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Ann Bilderback, Barton P. and Mary D. Cohen Principal Bassoon

Ann Bilderback became the principal bassoonist of the Kansas City Symphony in 1999 and holds the Barton P. and Mary D. Cohen Chair. Prior to her appointment, she served as principal bassoonist with the Louisiana Philharmonic and second bassoonist with the Omaha Symphony. She has participated in many music festivals throughout her career, including the National Repertory Orchestra, National Orchestral Institute, Kent/Blossom Music Festival, Bowdoin International Music Festival, Round Top Festival Institute and the Spoleto Festival in Italy. Bilderback received her bachelor’s degree from the Eastman School of Music and her master’s degree from Rice University. A native of Chicago, her principal teachers were K. David Van Hoesen, John Hunt and Benjamin Kamins. She resides in Olathe, Kan., with her husband Ken and her children, Susan and James.

Ten questions about me:

What is your most memorable performance with the Kansas City Symphony?

Ravel Piano Concerto...Jeffrey Kahane, conductor/soloist

What are three of your favorite movies?

My favorites are Disney movies! I can't pick just three - Toy Story, The Incredibles, Robin Hood, and the 2015 Cinderella.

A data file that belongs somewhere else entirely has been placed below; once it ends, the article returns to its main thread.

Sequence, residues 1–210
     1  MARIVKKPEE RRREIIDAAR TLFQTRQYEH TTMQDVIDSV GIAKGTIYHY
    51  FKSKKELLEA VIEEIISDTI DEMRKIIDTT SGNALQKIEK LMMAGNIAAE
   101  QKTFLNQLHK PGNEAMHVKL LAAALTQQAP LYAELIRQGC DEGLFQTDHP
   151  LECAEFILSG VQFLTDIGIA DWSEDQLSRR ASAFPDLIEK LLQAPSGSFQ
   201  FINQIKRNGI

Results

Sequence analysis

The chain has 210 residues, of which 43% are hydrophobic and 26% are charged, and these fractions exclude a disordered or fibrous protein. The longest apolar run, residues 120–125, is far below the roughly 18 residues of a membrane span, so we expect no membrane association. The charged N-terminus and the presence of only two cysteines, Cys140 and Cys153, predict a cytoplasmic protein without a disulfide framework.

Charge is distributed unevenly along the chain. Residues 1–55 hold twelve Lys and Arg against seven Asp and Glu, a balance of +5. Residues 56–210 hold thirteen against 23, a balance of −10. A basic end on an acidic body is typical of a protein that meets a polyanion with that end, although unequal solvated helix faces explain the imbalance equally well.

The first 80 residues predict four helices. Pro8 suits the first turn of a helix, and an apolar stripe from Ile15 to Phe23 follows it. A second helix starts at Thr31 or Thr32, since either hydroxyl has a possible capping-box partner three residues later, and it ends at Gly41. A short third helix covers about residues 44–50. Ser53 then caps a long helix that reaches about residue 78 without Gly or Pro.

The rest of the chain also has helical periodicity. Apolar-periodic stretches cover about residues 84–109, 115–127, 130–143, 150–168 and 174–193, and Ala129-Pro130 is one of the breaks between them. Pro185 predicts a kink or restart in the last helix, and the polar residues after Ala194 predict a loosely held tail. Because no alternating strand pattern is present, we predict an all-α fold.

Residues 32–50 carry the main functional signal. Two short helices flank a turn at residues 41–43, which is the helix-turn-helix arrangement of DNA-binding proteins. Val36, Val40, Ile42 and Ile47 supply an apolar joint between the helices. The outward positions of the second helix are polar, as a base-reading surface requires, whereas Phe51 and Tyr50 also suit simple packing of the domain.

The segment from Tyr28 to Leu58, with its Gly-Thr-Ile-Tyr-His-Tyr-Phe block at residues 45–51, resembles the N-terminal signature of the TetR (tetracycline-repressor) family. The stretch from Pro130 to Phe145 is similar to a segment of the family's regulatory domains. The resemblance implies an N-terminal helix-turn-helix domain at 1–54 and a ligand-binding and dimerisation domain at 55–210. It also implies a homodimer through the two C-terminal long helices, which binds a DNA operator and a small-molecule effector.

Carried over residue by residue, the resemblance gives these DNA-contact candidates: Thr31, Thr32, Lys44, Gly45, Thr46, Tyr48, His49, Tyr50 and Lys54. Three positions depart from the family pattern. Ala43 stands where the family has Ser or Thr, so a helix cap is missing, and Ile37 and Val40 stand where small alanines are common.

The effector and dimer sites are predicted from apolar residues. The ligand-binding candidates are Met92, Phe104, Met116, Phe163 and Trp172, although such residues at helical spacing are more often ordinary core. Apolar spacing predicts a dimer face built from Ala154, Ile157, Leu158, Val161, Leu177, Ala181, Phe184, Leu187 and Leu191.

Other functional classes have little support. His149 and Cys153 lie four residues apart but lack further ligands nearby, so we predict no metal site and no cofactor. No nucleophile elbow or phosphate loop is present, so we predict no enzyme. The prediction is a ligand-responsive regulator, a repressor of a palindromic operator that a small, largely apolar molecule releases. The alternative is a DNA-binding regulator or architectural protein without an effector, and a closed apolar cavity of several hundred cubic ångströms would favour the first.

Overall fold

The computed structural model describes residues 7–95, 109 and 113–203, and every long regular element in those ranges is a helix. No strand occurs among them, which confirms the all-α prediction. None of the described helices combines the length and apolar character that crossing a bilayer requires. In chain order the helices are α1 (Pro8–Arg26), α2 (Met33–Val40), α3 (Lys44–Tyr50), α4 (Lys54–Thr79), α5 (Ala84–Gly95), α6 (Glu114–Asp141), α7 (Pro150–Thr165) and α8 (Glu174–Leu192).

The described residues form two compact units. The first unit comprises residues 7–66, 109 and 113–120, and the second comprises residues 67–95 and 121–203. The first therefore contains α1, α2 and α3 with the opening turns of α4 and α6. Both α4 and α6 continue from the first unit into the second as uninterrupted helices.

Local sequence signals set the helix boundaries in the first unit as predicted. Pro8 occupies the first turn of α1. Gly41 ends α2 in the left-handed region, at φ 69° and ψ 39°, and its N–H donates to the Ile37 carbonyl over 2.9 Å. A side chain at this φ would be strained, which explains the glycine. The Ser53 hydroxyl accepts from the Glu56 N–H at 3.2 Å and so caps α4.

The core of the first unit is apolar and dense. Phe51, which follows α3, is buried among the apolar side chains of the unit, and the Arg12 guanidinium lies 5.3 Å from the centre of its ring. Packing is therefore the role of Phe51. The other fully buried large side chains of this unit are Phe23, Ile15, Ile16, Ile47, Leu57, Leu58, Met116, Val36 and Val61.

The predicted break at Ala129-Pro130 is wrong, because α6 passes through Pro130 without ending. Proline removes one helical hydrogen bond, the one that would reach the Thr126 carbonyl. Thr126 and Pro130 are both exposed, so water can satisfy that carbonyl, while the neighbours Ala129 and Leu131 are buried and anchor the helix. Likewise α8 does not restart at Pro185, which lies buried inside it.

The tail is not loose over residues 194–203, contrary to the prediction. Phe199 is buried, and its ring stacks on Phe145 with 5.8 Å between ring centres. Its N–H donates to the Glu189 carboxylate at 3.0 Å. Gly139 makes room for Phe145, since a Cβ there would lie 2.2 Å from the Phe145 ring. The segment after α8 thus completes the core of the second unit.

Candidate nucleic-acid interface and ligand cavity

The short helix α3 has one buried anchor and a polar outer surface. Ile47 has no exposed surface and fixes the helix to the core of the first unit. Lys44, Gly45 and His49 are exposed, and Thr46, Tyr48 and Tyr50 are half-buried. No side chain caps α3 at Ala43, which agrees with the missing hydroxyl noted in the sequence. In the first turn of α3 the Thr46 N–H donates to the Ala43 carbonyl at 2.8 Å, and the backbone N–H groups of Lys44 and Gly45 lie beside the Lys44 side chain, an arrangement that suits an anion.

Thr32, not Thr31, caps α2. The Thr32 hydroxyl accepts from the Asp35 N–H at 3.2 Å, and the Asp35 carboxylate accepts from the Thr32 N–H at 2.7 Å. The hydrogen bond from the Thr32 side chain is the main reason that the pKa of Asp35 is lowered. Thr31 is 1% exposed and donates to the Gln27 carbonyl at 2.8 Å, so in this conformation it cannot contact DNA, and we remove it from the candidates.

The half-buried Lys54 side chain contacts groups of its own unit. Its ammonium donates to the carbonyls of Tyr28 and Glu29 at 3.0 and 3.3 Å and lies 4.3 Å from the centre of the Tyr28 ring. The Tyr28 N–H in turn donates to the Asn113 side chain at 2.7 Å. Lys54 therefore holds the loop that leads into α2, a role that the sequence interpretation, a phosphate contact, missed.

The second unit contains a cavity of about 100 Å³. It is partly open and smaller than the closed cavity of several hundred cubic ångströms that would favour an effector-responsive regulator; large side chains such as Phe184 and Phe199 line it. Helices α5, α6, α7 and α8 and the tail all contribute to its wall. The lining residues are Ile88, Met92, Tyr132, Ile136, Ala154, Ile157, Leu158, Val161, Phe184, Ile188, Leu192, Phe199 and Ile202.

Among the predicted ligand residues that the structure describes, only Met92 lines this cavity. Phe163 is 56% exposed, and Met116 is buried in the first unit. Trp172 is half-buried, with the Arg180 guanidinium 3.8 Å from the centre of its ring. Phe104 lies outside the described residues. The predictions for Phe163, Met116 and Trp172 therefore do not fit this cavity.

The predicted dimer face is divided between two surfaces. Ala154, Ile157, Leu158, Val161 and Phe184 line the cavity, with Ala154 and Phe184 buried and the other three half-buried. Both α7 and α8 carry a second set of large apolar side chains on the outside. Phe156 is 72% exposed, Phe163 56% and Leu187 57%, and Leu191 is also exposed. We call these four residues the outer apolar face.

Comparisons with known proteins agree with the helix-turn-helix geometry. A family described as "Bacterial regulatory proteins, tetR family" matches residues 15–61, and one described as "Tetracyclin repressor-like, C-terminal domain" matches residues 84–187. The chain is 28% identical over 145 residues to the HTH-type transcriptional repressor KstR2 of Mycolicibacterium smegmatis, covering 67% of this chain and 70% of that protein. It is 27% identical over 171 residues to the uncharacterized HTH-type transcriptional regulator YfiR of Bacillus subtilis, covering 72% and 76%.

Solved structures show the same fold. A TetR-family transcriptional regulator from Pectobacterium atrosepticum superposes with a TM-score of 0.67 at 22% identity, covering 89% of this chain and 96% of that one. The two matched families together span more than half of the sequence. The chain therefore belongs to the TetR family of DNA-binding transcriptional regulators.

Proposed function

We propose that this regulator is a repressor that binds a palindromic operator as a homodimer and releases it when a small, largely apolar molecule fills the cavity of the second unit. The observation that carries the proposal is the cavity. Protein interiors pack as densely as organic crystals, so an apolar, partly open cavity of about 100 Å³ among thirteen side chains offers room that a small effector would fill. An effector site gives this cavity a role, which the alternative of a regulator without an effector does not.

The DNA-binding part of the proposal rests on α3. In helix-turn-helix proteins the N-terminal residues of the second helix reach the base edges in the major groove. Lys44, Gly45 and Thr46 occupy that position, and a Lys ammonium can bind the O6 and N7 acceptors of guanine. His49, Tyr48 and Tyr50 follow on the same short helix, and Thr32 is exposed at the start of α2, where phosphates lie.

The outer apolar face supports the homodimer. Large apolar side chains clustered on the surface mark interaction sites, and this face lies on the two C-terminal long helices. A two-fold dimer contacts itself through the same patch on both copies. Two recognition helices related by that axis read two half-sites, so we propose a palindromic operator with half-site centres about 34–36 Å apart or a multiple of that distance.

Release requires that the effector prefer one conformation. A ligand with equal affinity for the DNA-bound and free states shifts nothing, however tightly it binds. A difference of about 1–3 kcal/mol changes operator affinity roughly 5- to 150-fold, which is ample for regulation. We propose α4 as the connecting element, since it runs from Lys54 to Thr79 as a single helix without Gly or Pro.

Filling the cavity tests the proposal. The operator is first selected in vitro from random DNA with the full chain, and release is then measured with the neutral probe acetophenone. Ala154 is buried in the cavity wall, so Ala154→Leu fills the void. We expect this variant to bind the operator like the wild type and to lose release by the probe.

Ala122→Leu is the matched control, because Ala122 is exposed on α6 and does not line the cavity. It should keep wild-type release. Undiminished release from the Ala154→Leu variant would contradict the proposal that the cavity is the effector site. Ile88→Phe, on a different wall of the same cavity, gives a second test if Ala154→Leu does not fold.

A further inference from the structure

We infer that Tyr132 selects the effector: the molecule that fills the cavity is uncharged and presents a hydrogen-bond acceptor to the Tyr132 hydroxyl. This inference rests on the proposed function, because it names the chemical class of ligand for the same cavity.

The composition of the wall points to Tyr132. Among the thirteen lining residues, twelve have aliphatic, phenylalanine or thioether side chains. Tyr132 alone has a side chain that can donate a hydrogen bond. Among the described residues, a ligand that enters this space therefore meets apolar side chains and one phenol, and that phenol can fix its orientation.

What is the most challenging work for your instrument?

Tchaikovsky Symphony No. 6. The opening solo requires technical excellence, and it is critical to capture the proper mood... after all, the bassoonist is setting the tone for the entire work!

What is on your ideal pizza?

I'm a Chicago girl, so my favorite is deep dish sausage pizza.

Are you the only musician in your family?

We are definitely a musical family! My husband is a French horn player and my children play trumpet and flute. My dad sings in the Kansas City Symphony Chorus. My mom claims to have no musical talent, but she can be found clapping loudly in the audience and out at the Symphony Shop in the lobby selling many fun treasures.

What would you like to be known for?

Before I play each subscription concert, I always look around the audience and pick someone to play to. Occasionally, I choose someone I know, but most of the time, it's an audience member that I don't know. I feel like it helps me to have someone special that I'm sharing my music with.

If you were to give advice to a young person who would want to follow your path, what would you say?

I would encourage them to dive in head first! Being a professional musician takes years of dedication and study. Listen to lots of recordings of professionals and figure out what you like and what you do not like. Practice diligently every day, focusing on the basics of rhythm and intonation. Surround yourself with other talented young musicians by attending clinics and masterclasses in your instrument and definitely attend summer music camps. And be sure to take private lessons with an excellent teacher.

Which is your Kansas City Barbecue "joint" of choice?

Ken Bilderback's smoked ribs

What is your earliest musical memory?

I vividly remember my first piano recital...I played Snappy Feet, and I was five years old.

What good book have you read recently?

I am an avid gardener and my latest favorite book for beginners on growing crops is by Colin McCrate and Brad Halm called “Food Grown Right, In Your Backyard.” Their other book, “High-Yield Vegetable Gardening” is also fantastic for more advanced veggie gardeners.